While most people in the local food world tend to tread very lightly when it comes to speaking ill of longtime Chronicle critic Michael Bauer or his boyfriend Michael Murphy, for fear of business-damaging reprisals — or perhaps worse, having their restaurants be ignored by the pair — San Francisco Magazine food editor Rebecca Flint Marx takes the gloves off in the August issue, penning this in-depth takedown focusing on Murphy and the apparent conflict of interest represented by Murphy's work as a consultant for IfOnly. The company, founded by local rich person and son of Dede Wilsey Trevor Traina, is kind of a "Make-A-Wish for rich people" service, as Marx puts it, in which pie-in-the-sky gifts and experiences — the likes of which are sometimes offered at charity auctions — can be asked for and arranged, like a "quarterback camp and chalk talk" with Joe Montana ($12,500 per person) or a heli-ski weekend with an Olympic gold medalist ($14,500 per person), or one with Robert F. Kennedy Jr. ($9,000 per person). Murphy was brought on to provide access to local chefs, some of whom like Mourad's Mourad Lahlou and State Bird Provisions and Progress chefs Stuart Brioza and Nicole Krasinsky have signed on to offer unique culinary experiences — some of the proceeds from which go to the charitable cause of the chef's choosing.

Marx reports that eyebrows were raised throughout the local restaurant scene after the site offered a one-on-one review dinner experience with Bauer himself, for $2,000, promising "You will be lavished with kindness and treated like a royal as Michael is respected, beloved, and sometimes feared in some circles." The experience has, not surprisingly, disappeared from the IfOnly site, but a number of restaurateurs questioned the appropriateness of the listing, and the way it compared dining with Bauer "to hanging out with the world’s biggest rockstar," especially given Bauer's longstanding insistence on remaining anonymous.

Murphy's role as Bauer's constant dining companion — and his influence over Bauer's reviews — has long been a point of concern for chefs who feel like they have to please two critics instead of one. They've been a couple for 25 years, and one friend compares them to the Clintons saying, "they’re a machine, and they’ve always been a machine."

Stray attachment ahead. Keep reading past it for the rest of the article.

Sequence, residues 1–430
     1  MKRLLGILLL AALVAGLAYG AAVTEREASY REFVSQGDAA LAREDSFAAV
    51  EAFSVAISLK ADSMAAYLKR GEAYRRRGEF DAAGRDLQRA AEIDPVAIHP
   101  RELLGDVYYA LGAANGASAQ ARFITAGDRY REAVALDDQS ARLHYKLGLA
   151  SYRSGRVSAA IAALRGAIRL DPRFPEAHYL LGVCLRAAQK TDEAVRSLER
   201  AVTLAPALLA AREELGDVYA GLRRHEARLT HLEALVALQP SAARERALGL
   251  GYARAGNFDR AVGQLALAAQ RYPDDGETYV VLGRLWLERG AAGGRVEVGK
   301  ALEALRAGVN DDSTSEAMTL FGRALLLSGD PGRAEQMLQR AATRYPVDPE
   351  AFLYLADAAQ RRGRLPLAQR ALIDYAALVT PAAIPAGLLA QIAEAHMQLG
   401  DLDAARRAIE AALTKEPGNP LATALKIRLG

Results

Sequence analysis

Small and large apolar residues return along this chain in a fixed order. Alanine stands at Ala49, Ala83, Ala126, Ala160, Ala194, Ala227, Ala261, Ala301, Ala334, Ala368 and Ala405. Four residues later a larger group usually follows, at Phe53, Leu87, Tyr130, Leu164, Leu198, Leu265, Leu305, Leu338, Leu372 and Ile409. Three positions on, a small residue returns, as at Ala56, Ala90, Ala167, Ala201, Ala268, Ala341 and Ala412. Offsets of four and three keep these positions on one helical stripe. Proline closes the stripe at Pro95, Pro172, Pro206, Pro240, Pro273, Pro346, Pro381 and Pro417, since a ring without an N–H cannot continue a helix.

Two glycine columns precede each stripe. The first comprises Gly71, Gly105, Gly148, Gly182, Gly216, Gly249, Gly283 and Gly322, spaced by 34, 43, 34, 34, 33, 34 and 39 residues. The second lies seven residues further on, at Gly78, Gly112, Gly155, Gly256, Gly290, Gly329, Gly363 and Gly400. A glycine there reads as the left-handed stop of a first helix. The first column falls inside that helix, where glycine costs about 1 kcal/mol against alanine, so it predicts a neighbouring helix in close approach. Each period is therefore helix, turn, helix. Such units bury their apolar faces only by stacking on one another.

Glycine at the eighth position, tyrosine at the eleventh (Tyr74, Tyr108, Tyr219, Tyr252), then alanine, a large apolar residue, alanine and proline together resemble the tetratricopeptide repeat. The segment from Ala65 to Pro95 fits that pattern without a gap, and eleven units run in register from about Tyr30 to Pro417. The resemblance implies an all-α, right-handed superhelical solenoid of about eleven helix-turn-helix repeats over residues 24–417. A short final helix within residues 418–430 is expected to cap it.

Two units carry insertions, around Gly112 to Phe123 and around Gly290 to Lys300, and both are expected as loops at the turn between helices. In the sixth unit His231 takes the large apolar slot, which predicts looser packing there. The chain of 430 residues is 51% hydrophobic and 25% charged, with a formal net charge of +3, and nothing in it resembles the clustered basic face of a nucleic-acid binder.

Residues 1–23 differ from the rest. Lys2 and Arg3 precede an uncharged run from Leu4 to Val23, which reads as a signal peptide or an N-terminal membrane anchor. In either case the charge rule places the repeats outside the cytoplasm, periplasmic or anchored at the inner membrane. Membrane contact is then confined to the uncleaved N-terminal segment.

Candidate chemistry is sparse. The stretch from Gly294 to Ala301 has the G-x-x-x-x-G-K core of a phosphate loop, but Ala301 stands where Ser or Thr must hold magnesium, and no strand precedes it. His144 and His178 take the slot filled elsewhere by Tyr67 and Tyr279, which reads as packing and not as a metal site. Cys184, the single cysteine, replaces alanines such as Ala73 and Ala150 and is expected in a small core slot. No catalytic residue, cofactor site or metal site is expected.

Also not surprisingly, plenty of chefs, publicists, and restaurant owners were perfectly willing to speak anonymously or off the record with Marx about Murphy and the implied pressure they felt to sign on with IfOnly, but things went totally silent as soon as she wanted to get on-the-record quotes from people. Marx does point to the fact that Murphy is godfather to the young son of restaurateur Anna Weinberg (Marlowe, Park Tavern, The Cavalier), who appears with dad James Nicholas and Murphy in the Instagram photo below, and all of whose restaurants enjoy excellent reviews in the Chronicle.

Between Godfather and Father is the ray of golden sunshine... named Leo!

A photo posted by Michael Murphy (@curiousmikie) on

Of course, longtime Bauer hater and Hapa Ramen guy Richie Nakano spoke up, as he first did way back in mid-2010 when he believed that Murphy, disliking things Nakano had said on Twitter about Bauer, told Nakano's employers at the time (Laurence and Alyson Jossel of Nopa) that he was a "punk." That led to some public feuding on Twitter, and the animosity lingered five years later as Nakano opened Hapa Ramen in the Mission in 2015, receiving a decent if not great write-up from Bauer. The restaurant closed weeks later amid disagreements between Nakano and the restaurant's ownership.

Traina suggests to SF Mag that he only brought on Murphy for the consultant job at IfOnly at the suggestion of his wife, Alexis Swanson, saying he believed Murphy "could use [his] access to do something really positive." And Marx suggests that both Traina's shock at the notion that this could in any way present a conflict of interest, and the Chronicle's continued defense of Bauer against any such accusation, represents the "innate provinciality" of our city in a nutshell, despite our position as one of the world's culinary capitals. "San Francisco is a village," she writes, "one that’s full of chefs who have spent their entire career under a single critic and have been conditioned to please him and to not, with very few exceptions, ask any questions."

Several chefs said they felt no pressure to work with IfOnly, and that they see Murphy and Bauer as separate entities. SPQR's Matt Accarrino says he just saw it as a great opportunity, and former Quince wine director and St. Vincent owner David Lynch says he was just "flattered" that he was asked to be involved.

Murphy, who regularly posts Instagram photos from restaurants Bauer is reviewing, has been silent on social media about the piece so far, and declined to give any comment to Marx. Bauer responded saying he's not paying attention to Murphy's work at IfOnly, and "To survive [in this role] I have to have a thick skin and to be able to justify what I’ve written. I can do that with a clear conscience. It can be lonely and uncomfortable at times, but I always strive to be honest and fair.”

Murphy and Bauer are apparently on a three-week trip to Italy, so we likely won't be hearing anything from either of them for a bit.

Previously: Someone Launches 'Impeach Michael Bauer' Campaign, Offers $2K For New Chronicle Critic
Chef Jeremiah Tower Calls Critic Michael Bauer A 'Troll'
Local Chef Won't Take Michael Bauer's Criticism Lying Down